But the stuff is more than just stuff - it’s more than just my stuff. It is representative of what I am capable of when I stopped chasing that which drove me to have nothing. What came along with that stuff was responsibility, integrity, deep, meaningful relationships, a career that I never dreamed possible, and respect. The really cool part about it is that I am still me. I am still a “non-conformists.” I still take chances. I still travel the path least followed. I am an explorer, a traveler and a seeker, but I do it without the need to alter my consciousness through any artificial means. I took this picture because I was experiencing an “ah-ha” moment, a wave of pure gratitude and the ability to recognize it as such is special. Really special.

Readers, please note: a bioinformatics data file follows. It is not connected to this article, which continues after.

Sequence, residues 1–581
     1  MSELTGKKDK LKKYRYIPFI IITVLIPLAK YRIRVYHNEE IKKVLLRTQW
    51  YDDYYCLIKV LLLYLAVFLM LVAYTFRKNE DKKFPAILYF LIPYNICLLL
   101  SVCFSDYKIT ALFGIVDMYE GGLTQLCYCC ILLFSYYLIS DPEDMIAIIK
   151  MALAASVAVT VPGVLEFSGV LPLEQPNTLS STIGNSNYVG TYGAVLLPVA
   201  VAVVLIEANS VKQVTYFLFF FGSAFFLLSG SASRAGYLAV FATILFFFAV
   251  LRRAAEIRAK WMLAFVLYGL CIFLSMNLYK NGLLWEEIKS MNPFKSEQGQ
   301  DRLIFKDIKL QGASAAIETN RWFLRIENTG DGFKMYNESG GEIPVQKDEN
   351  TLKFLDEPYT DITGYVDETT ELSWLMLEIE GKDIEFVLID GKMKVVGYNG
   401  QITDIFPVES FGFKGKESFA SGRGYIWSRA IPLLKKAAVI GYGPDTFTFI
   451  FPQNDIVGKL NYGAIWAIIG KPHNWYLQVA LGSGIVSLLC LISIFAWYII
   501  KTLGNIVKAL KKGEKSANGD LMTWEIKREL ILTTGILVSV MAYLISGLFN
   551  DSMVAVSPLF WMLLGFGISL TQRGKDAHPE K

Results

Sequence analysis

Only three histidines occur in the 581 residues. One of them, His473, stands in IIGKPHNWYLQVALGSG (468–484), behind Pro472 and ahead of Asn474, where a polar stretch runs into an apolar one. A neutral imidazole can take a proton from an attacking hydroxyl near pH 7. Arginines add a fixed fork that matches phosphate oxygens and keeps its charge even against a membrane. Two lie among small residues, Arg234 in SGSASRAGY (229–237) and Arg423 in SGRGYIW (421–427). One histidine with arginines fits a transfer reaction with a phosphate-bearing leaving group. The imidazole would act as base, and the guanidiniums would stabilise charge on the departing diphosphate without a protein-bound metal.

I try not to put too much importance on material things - they come and they go. Success is not determined by the stuff I acquire, it is much deeper than that. But there are times when I think of the things I’ve wanted in life, the things I’d do “anything” for and found that I could not do anything to achieve them. When the focus became internal, when the things I strove for were not immediate or tangible, the rest fell into place. I even have an 18-month romantic relationship with a beautiful woman, and we have had exactly zero fights - none, not even a disagreement or cross words. I have always believed that I, like most people, can achieve virtually anything I put my mind to. When I couldn’t, it was always because of someone or something else. As it turns out, it was, but that someone was me and that something else was part of who I am. And it was true, I could achieve virtually anything I put my mind to, but now I have a mind that is clean and clear. It seems to make a big difference.